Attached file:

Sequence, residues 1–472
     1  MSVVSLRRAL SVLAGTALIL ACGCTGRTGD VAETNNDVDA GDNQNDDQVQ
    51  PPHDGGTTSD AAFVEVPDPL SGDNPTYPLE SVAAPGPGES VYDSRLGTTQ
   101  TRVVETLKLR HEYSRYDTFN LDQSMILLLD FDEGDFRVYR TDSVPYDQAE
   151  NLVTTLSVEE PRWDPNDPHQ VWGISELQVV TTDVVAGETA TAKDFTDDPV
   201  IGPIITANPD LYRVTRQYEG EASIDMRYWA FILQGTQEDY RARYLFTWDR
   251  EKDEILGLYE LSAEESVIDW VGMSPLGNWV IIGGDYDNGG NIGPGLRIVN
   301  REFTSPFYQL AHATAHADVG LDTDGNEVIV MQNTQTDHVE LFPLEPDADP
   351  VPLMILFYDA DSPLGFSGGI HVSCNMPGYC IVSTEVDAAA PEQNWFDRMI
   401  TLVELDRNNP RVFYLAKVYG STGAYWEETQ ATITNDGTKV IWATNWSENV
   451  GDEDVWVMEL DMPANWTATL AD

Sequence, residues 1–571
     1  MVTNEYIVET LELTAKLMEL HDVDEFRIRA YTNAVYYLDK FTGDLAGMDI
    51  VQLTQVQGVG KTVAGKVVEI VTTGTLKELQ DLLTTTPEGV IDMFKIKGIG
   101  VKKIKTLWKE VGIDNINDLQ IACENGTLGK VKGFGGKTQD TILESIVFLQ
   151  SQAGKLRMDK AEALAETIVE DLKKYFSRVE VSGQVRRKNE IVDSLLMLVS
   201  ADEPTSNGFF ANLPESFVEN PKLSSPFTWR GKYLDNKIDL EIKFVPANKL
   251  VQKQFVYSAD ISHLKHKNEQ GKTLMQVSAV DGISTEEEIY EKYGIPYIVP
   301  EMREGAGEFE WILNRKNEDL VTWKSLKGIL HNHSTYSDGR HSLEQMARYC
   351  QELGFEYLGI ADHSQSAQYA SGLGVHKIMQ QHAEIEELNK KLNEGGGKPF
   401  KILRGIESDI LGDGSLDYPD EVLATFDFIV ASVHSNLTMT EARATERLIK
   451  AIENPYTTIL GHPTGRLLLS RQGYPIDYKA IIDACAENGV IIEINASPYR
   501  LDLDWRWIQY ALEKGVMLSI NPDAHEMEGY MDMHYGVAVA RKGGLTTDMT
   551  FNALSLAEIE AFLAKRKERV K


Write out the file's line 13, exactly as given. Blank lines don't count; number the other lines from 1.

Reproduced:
     1  MVTNEYIVET LELTAKLMEL HDVDEFRIRA YTNAVYYLDK FTGDLAGMDI